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Application of colour combinations on visual search tasks under vibration environments

Published online by Cambridge University Press:  01 December 2020

Hailiang Wang
Affiliation:
Institute of Human Factors and Ergonomics, College of Mechatronics and Control Engineering, Shenzhen University, Shenzhen, China. Key Laboratory of Optoelectronic Devices and Systems of Ministry of Education and Guangdong Province, College of Optoelectronic Engineering, Shenzhen University, Shenzhen, China.
Da Tao*
Affiliation:
Institute of Human Factors and Ergonomics, College of Mechatronics and Control Engineering, Shenzhen University, Shenzhen, China.
Shuang Liu
Affiliation:
School of Aeronautics Science and Engineering, Beihang University, Beijing, China.
Tuoyang Zhou
Affiliation:
Marine Human Factors Engineering Lab, China Institute of Marine Technology and Economy, Beijing, China
Xingda Qu
Affiliation:
Institute of Human Factors and Ergonomics, College of Mechatronics and Control Engineering, Shenzhen University, Shenzhen, China.
*
*Corresponding author. E-mail: taoda@szu.edu.cn

Abstract

Colour is widely utilised as a visual coding system in visual search, but its application under vibration conditions (e.g., in various vehicles) has not been fully explored. This study was designed to examine the effect of colour combinations on performance of visual search tasks conducted in vibration conditions. Forty-eight university students participated in an experiment where they were required to identify target type and location under 24 colour combinations (half in negative polarity and half in positive polarity) and three vibration conditions (static, low, and high). The findings showed that vibration did not significantly affect performance, perceptions, or physiological aspects. Colour combination significantly affected response time, and the participants preferred colour combinations that had the potential to produce better performance. Colour combinations with negative polarity (e.g., yellow on black and white on black) are recommended for presenting search interfaces. These findings are of importance in human–computer interface designs for information display under vibration conditions.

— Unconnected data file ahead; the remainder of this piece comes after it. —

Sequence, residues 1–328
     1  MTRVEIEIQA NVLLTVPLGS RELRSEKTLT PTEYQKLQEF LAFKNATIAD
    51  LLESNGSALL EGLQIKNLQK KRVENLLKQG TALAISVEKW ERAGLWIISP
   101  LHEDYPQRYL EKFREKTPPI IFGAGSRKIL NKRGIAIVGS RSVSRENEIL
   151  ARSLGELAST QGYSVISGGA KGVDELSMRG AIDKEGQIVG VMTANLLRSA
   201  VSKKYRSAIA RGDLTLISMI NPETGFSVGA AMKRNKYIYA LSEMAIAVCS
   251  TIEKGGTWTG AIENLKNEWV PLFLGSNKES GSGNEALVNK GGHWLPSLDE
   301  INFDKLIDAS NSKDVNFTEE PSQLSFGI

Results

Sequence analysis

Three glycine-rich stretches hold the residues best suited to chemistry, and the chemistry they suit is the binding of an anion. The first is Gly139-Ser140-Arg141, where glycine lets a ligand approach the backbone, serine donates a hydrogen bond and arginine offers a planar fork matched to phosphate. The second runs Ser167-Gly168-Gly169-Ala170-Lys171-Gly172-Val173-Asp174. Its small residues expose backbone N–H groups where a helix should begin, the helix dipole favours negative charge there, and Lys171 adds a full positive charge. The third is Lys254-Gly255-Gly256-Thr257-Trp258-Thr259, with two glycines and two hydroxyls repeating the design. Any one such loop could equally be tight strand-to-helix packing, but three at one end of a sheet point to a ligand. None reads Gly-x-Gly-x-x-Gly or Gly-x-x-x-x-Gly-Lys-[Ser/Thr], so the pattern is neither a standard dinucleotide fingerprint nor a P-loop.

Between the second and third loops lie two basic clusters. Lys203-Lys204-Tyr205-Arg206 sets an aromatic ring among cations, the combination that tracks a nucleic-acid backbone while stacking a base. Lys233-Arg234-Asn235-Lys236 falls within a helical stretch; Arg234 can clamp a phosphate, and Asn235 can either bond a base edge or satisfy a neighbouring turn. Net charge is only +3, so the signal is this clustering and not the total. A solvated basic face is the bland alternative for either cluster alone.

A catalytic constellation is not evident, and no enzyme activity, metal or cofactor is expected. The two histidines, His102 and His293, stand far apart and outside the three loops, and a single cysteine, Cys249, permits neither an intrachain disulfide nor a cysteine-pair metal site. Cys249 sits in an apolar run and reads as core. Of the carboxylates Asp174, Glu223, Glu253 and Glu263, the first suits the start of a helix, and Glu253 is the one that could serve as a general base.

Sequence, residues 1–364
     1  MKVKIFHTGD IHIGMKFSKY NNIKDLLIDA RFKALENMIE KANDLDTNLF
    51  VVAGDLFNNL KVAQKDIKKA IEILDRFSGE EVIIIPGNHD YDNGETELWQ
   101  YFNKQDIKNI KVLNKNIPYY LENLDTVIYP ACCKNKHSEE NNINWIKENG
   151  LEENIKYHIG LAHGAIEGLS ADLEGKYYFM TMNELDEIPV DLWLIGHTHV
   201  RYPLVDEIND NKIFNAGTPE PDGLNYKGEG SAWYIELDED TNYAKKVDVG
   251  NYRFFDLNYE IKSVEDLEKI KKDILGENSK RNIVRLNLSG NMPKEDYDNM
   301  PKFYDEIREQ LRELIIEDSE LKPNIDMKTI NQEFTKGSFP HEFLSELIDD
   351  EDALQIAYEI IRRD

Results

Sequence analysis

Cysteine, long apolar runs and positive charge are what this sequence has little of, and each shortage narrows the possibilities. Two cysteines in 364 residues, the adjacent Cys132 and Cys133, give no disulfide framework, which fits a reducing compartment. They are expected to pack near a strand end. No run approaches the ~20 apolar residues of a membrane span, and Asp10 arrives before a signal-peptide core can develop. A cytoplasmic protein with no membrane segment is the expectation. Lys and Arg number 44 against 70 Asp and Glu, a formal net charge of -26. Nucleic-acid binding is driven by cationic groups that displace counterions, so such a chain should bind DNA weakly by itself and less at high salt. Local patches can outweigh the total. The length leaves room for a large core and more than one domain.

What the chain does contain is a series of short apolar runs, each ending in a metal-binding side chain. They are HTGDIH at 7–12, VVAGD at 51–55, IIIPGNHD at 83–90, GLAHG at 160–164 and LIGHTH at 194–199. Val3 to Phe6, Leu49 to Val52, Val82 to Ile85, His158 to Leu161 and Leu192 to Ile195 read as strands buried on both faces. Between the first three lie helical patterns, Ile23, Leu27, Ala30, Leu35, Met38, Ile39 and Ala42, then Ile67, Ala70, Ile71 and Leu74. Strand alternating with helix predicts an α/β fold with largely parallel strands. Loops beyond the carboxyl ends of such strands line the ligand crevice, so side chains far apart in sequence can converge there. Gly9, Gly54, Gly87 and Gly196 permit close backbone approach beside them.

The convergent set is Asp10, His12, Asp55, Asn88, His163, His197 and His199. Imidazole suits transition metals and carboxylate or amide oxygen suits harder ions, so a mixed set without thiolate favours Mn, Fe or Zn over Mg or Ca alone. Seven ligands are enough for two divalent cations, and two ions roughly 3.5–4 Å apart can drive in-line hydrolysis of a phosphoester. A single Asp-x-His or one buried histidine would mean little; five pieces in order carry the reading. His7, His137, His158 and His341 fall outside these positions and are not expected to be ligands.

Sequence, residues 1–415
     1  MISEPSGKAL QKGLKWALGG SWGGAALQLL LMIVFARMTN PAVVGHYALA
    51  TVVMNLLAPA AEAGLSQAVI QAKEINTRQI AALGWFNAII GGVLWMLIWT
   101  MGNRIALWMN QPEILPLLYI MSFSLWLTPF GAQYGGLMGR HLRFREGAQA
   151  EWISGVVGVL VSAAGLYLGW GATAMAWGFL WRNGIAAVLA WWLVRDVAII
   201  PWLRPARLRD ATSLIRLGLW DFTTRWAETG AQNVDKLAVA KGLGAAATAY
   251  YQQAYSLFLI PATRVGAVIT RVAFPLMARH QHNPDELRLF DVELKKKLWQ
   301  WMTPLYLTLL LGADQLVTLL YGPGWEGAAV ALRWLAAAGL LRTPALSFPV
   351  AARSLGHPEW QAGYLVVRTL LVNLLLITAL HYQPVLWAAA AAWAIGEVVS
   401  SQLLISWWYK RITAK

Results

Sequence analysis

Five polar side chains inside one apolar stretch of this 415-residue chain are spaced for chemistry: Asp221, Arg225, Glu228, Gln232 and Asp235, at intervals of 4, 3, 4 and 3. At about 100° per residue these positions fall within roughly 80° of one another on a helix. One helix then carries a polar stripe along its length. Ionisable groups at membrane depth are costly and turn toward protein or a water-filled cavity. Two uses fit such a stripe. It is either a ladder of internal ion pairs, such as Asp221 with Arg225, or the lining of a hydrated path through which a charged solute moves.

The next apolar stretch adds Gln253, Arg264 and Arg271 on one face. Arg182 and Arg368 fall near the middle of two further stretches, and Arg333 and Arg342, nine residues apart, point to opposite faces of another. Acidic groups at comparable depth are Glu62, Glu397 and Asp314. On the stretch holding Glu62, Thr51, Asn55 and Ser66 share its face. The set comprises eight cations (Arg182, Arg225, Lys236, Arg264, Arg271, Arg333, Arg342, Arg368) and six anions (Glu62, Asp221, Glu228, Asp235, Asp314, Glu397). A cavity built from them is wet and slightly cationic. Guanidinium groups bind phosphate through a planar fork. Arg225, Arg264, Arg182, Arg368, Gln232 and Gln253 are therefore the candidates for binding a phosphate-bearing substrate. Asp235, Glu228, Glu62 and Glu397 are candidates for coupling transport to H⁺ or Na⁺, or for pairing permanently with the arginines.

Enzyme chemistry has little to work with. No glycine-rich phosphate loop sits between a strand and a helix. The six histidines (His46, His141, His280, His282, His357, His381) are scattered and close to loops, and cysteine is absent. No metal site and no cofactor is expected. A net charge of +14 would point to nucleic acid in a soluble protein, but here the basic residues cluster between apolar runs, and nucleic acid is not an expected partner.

Type
Research Article
Copyright
Copyright © The Royal Institute of Navigation 2020

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